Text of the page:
JBL SRX Gives Stage Hand
Yours & Owls Festival in Wollongong added a stage. JBL SRX and Signals Systems stepped up.
Yours & Owls Music Festival in Wollongong had an interesting problem — too many artists on its roster. The solution? Another stage, of course.
The festival in mid October went off without a hitch, with the new C Stage — called the Lalala Stage — winning plenty of plaudits from audio people and fans alike.
“One punter actually made the effort to track me down on Day 2 and let me know he thought the Lalala Stage was the best sounding of the lot!” recalls Signals Systems’ Operations Manager James Suckling.
It was a new JBL SRX system to the rescue. Six mid/high SRX910LA boxes aside, two double-18 SRX928S subs aside and a ground-stacked centre cluster of four single-18 SRX918S subs was enough to cover the sizeable audience area. Signals Systems traditionally manages one of the other festival stages and got the call to look after the Lalala stage, and SRX was a revelation.
James Suckling: “The system arrived Wednesday and we were rigging it on site the following day. It goes up like a dream. The rigging is straightforward and there’s virtually no daylight between boxes, which is what you want.”
For a mid-sized regional rental company like Signals Systems, JBL SRX is a good fit. The powered boxes are easy to pack and easy to deploy — no additional amps, or processing.
James Suckling: “Every box is network linked, audio/data linked and Powercon linked. We had five power runs: one to each sub cluster, then one to each flown cluster. It was absolutely brilliant. After we rigged the PA and let rip, they sounded great straight out of the box with minimal EQ.”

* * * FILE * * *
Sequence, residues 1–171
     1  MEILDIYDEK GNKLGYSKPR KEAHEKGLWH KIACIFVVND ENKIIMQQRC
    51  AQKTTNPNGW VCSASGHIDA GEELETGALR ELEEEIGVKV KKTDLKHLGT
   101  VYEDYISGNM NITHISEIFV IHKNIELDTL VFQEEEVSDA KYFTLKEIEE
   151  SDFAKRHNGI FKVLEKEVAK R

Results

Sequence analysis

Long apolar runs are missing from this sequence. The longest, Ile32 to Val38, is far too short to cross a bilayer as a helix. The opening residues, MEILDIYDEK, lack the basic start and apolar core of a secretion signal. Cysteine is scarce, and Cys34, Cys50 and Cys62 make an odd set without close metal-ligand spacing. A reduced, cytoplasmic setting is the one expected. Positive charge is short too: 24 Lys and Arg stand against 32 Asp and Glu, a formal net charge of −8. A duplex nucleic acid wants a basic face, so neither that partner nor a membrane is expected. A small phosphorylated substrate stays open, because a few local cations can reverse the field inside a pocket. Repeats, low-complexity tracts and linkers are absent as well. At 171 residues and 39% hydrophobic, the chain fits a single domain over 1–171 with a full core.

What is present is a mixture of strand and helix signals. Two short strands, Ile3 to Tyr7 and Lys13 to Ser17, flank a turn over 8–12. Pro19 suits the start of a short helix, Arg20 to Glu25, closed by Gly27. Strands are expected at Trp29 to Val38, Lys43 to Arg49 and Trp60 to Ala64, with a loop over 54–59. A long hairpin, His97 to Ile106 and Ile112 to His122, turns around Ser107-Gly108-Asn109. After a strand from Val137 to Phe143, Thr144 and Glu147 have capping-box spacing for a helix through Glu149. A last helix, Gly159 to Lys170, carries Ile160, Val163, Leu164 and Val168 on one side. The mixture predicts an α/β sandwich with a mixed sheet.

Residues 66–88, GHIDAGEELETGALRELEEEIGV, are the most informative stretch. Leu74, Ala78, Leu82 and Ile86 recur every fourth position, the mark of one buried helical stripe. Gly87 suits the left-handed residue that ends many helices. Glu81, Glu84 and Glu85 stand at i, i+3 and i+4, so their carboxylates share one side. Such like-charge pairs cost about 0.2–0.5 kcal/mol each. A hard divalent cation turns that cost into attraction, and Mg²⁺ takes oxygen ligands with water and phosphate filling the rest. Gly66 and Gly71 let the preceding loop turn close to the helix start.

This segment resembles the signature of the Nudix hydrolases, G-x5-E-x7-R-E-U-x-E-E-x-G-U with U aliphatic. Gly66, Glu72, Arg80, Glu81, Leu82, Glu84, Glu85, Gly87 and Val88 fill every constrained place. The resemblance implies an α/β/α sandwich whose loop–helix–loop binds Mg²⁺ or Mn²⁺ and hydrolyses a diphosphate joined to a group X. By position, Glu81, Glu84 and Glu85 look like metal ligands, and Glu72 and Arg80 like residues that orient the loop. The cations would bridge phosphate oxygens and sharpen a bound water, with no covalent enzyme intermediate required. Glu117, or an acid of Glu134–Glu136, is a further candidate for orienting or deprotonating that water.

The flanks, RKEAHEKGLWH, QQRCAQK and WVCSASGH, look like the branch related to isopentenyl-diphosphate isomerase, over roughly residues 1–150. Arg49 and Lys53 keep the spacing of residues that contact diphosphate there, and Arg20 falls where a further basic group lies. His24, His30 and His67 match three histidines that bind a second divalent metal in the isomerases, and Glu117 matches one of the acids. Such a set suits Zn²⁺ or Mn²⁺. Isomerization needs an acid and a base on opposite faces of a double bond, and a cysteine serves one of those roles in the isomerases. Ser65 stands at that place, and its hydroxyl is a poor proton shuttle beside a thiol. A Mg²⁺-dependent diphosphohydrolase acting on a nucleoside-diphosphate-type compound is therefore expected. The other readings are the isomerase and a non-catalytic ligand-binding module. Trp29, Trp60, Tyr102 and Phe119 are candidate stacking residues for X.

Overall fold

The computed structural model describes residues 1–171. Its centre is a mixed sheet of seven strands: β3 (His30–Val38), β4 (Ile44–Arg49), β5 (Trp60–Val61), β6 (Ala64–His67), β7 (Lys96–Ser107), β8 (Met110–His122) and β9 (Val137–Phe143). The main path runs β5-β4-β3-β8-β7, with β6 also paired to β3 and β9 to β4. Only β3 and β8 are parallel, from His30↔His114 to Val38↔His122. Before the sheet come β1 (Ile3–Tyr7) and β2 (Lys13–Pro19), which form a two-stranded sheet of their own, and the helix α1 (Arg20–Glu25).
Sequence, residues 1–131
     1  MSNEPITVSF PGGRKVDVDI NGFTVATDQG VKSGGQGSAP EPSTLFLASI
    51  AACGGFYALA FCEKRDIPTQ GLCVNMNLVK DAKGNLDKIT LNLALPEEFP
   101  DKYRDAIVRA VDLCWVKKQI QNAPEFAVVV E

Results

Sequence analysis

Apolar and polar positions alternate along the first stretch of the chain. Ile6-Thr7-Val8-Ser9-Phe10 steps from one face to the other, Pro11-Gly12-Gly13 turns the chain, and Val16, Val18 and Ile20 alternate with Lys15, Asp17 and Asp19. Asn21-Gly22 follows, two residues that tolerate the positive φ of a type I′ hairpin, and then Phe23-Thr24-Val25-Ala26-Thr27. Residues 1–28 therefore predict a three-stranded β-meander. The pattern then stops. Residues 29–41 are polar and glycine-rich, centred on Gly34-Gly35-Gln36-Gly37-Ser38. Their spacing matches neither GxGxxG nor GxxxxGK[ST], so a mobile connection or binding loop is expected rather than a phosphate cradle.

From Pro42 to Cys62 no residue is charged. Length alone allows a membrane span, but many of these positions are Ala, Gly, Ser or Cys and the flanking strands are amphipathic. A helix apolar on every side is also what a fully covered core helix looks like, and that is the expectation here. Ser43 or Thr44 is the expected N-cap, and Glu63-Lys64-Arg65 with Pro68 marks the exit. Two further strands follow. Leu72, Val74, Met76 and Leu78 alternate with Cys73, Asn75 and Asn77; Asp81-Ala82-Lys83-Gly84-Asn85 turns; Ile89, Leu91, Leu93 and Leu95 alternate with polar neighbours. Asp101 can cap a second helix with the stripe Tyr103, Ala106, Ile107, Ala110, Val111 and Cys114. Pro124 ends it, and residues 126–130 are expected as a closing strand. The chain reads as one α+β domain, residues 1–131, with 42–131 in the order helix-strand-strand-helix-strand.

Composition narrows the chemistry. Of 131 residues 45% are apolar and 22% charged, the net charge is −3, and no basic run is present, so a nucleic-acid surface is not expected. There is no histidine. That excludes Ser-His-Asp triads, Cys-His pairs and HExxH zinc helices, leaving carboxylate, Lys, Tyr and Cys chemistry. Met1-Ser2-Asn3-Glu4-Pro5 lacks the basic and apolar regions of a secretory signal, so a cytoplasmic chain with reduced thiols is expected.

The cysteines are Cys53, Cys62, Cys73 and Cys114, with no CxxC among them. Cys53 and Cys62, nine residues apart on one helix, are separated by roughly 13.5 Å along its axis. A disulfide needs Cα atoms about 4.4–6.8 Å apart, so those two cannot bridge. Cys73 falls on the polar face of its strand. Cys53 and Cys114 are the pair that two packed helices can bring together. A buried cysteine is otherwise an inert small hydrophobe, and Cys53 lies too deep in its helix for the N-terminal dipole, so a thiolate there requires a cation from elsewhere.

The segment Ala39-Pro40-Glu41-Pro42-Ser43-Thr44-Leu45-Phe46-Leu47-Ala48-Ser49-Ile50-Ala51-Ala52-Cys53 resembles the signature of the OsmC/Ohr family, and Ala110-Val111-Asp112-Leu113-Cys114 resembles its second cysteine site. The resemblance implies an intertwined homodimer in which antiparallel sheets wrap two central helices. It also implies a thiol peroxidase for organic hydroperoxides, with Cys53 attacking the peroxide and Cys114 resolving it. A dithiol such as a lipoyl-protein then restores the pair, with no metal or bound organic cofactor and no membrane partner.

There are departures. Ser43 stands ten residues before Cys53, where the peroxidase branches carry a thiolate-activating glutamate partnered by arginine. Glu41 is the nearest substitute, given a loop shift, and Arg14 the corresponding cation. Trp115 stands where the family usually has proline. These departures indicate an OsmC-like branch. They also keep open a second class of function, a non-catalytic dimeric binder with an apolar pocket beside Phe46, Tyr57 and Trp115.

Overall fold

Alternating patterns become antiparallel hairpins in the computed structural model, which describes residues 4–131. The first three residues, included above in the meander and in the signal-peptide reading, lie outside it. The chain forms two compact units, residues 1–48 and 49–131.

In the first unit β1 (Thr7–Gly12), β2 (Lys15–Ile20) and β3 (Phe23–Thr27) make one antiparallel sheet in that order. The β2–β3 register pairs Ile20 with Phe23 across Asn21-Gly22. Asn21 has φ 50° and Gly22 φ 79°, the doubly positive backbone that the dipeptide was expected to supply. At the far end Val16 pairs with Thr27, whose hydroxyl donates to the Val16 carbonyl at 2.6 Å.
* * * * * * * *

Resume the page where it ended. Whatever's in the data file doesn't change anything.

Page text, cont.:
The other advantage of a powered design is the versatility.
James Suckling: “The JBL management software is easy to use and allows us the versatility to make changes to the system coverage without re-rigging. At Yours & Owls we turned down the top boxes during the day, so I wasn’t spraying audio all over the park, and then reactivated those boxes in the evening when the crowds arrived.
“The design might be powered but the onboard Crown Class D amplification is light and efficient: “Even the double-18 subs are only 70kg — they’re easy enough to move around with two guys and put back in the truck.”
CALL ME OWL
The performance of JBL SRX didn’t disappoint. A variety of audio operators came through, new to the PA, and were impressed:
James Suckling: “I knew most of the audio operators and I know how they mix and their preferences, so I was interested in their opinion of SRX. I’d summarise the feedback I got as ‘impressed and surprised’.
“It’s such a clean sound. One of the spinoff benefits is the feedback rejection. I had a performer at one point standing on the crowd barrier, literally in front of the PA and we didn’t get a hint of feedback.
“Another audio guy works with a whisper-quiet singer and usually struggles to get the vocal up in the mix without feedback but he was amazed — he was pushing the vocal up and up without any issues. So that was definitely an eye-opening aspect of SRX I didn’t see coming.”
he was pushing the vocal up and up without any issues. So that was definitely an eye-opening aspect of SRX I didn’t see coming
GOOD TO GO
Signals Systems has been providing audio rental services since the ‘80s, looking after a number of venues in the Illawarra region as well as taking care of the usual range of concert touring jobs and mobile PA gigs. It has a broad remit, and SRX seems tailor-made for a rental company like Signals Systems.
James Suckling: With an inventory of, say, four subs and eight of the smaller SRX 906 array boxes, that system can be split up into two different PAs with one sub a side and two tops a side, using the SRX polemount system. So one side of a PA can become a standalone mobile rig if required. And the thing is, it’s simple to set up: plug a few network leads in; turn on the software; tell it what to do; and you’re good to go.”